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Ganglion Cyst of Wrist

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Other Names

  • Bible Cyst
  • Ganglion Cyst


  • This page refers to a ganglion cyst of the wrist, sometimes termed a bible cyst


  • Wrist represents 80% of all ganglion cysts (need citation)
  • Most common hand mass (need citation)


Anatomical depiction of dorsal and volar wrist ganglion cyst. Axial section of the wrist through scapholunate joint. 1. First dorsal extensor compartment: abductor pollicis longus, extensor pollicis brevis. 2. Second dorsal extensor compartment: extensor carpi radialis longus, extensor carpi radialis brevis. 3. Third dorsal extensor compartment: extensor pollicis longus. 4. Fourth dorsal extensor compartment: extensor digitorum communis, extensor indicis proprius. 5. Fifth dorsal extensor compartment: extensor digiti minimi. 6. Sixth dorsal extensor compartment: extensor carpi ulnaris. 7. Flexor digitorum profundus. 8. Flexor digitorum superficialis. 9. Flexor pollicis longus. 10. Pisiform recess. 11. Flexor carpi radialis. 12. Flexor carpi ulnaris. 13. Palmaris. 14. Ulnar artery. 15. Radial artery. 16. Superficial branch of the radial nerve. 17. Median nerve. 18. Ulnar nerve. 19. Distal radius. 20. Scaphoid. 21. Lunate. 22. Triquetrum. 23. Ganglion (synovial) cyst(s).[1]
Ganglion Cyst of the Wrist


  • Three proposed origins of fluid[2]
    • May originate from within the joint, pumped into the cyst by motion of the wrist
    • From an extra-articular degenerative process resulting in cyst formation and subsequent communication to the joint
    • May originate from mesenchymal cells within the cell wall
    • It is possible that a combination of these mechanisms contribute


Risk Factors

  • Female

Differential Diagnosis

Differential Diagnosis Wrist Pain

Clinical Features


  • Swelling of dorsal wrist (most commonly)
  • Onset is typically insidious without a clear injury
  • Can occur from acute injuries

Physical Exam: Physical Exam Wrist

  • Transilluminates (transmits light)
  • Absence of erythema, warmth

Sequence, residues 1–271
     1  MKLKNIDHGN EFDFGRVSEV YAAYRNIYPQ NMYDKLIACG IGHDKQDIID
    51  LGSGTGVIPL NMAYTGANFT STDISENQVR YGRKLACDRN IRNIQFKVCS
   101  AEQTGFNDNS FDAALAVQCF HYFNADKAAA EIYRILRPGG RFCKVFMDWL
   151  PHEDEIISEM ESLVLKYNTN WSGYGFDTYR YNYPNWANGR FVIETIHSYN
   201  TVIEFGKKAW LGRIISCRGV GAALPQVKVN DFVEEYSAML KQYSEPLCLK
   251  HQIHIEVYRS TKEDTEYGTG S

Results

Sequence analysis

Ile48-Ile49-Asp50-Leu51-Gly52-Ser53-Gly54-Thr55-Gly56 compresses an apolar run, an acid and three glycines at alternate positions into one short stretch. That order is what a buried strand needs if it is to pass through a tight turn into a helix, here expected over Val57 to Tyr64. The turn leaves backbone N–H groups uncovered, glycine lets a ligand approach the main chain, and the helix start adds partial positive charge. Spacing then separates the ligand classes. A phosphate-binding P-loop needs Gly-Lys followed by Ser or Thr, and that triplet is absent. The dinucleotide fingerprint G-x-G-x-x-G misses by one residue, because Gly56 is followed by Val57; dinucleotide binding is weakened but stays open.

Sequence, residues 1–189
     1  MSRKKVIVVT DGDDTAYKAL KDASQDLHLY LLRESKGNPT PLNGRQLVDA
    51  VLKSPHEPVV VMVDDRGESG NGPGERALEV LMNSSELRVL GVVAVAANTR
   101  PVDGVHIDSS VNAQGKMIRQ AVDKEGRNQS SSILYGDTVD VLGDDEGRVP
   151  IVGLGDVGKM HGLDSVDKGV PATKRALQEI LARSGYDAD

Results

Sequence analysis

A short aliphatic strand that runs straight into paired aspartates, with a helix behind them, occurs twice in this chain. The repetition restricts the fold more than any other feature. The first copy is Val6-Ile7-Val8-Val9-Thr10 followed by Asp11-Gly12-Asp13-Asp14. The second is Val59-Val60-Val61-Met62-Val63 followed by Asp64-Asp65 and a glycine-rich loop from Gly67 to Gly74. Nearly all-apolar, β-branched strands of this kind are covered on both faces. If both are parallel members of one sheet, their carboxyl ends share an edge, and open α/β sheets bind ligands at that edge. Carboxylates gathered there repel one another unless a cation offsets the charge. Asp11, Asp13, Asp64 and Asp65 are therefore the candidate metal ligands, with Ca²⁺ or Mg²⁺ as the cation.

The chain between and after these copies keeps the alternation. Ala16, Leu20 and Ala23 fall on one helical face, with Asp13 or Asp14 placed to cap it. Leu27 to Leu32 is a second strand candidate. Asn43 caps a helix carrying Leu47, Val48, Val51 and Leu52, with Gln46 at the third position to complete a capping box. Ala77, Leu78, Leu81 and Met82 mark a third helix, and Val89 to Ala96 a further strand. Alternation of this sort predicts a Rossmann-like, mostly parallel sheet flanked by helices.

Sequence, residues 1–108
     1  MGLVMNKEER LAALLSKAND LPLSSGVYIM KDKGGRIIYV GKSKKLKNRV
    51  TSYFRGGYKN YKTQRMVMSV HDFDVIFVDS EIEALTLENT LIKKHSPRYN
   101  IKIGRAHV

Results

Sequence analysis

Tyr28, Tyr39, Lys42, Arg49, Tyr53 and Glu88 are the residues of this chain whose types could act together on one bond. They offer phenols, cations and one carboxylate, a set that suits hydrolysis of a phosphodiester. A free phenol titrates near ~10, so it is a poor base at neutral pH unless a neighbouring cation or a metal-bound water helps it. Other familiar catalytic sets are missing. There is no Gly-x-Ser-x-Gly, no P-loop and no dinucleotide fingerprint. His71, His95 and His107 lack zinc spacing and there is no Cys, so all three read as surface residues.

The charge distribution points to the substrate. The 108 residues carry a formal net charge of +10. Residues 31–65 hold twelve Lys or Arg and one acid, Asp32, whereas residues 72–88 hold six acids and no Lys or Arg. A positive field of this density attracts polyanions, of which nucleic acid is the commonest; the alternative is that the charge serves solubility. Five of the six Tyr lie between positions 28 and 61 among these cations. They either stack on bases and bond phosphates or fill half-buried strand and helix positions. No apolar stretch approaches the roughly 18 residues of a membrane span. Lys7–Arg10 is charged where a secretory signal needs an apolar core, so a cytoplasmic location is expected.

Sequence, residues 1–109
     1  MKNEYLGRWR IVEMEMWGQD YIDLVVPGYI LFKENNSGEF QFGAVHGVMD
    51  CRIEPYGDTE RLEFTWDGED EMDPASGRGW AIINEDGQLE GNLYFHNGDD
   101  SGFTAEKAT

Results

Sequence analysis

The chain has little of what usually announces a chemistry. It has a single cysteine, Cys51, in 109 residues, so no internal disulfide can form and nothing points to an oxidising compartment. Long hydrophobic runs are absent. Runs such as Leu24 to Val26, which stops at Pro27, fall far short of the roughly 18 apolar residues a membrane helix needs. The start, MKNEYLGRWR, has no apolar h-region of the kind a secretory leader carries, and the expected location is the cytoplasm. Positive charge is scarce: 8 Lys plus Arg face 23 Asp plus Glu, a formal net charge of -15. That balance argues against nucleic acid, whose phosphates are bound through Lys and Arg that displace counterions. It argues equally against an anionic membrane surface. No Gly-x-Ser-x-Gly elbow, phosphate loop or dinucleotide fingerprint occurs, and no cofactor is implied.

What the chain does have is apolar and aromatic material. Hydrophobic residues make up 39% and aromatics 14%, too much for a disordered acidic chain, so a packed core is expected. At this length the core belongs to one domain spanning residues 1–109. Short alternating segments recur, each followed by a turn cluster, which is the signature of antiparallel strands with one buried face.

• Firm, well circumscribed, 1-2 cm
  • Typically non-tender


There is a well-defined, thin-walled, lobulated anechoic lesion with the neck appearing to extend between the carpus and ulna[5]



  • Findings
    • Hypoechoic fluid collection
    • Absence of flow on doppler or color doppler


  • N/A


Ultrasound-guided Ganglion Cyst Aspiration and Injection


  • Indications
    • Generally first line treatment
    • In pediatrics, 3/4 will spontaneously resolve (need citation)
    • In adults, about half will resolve spontaneously
  • Closed rupture
    • Home remedy, hence term 'bible cyst'
    • High recurrence rate
  • Aspiration Procedure: Ganglion Cyst of the Wrist Aspiration
    • Ideally, ultrasound guided
    • Approximately half will resolve with this treatment[6]
    • No benefit with repeat aspiration[7]
  • Corticosteroid Injection
    • Somewhat controversial
    • No evidence that this is an inflammatory response
    • One study showed CSI was no better than aspiration alone[7]
  • Splinting
    • No more effective than aspiration, leads to stiffness and loss of range of motion[8]


  • Indications
    • Severe symptoms, neurovascular injury
    • Failure of conservative measures
  • Technique
    • Resection of stalk, capsule

Rehab and Return to Play


  • Needs to be updated

Return to Play/ Work

  • Most athletes can play through unless neurovascular symptoms

Prognosis and Complications


  • Study of 219 patients comparing Surgical vs Aspiration/ Injection[9]
    • 8.4% recurrence with non surgical group vs 21.5% recurrence with surgical group
    • Surgical group had more post op pain, stiffness
  • Recurrence
    • Volar ganglion cysts more likely to recur without surgical excision[10]


See Also




  1. Malanga, Gerard, and Kenneth Mautner. Atlas of ultrasound-guided musculoskeletal injections. McGraw-Hill, 2014.
  2. Gude, Warren, and Vincent Morelli. "Ganglion cysts of the wrist: pathophysiology, clinical picture, and management." Current reviews in musculoskeletal medicine 1.3-4 (2008): 205-211.
  3. Angelides AC, Wallace PF. The dorsal ganglion of the wrist: its pathogenesis, gross and microscopic anatomy, and surgical treatment. J Hand Surg. 1976;1(3):228–35.
  4. Greendyke SD, Wilson M, Shepler TR. Anterior wrist ganglia from the scaphotrapezial joint. J Hand Surg. 1992;17(3):487–90.
  5. Case courtesy of Dr Maulik S Patel, Radiopaedia.org, rID: 81321
  6. Richman JA, Gelberman RH, Engber WD, Salamon PB, Bean DJ. Ganglions of the wrist and digits and results of treatment by aspiration and cyst wall puncture. J Hand Surg. 1987;12(6):1041–3.
  7. 7.0 7.1 Varley GW, Neidoff M, Davis TRC, Clay NR. Conservative management of wrist ganglia: aspiration versus steroid infiltration. J Hand Surg. 1997;22(5):636–7.
  8. Jacobs LGH, Govaers KHM. The volar wrist ganglion: just a simple cyst? J Hand Surg. 1990;15(3):342–6.
  9. Paramhans, D, Nayak, D, Mathur, R, Kushwah K. Double dart technique of instillation of triamcinolone in ganglion over the wrist. J Cutan Aesthet Surg. 2010 Jan-Apr;3(1):29–31.
  10. Gude, W, Morelli, V. Ganglion cysts of the wrist: pathophysiology, clinical picture, and management. Curr Rev Musculoskelet Med. 2008 Dec;1(3-4):205–211.
Created by:
John Kiel on 3 November 2019 22:55:56
Last edited:
2 December 2023 17:04:16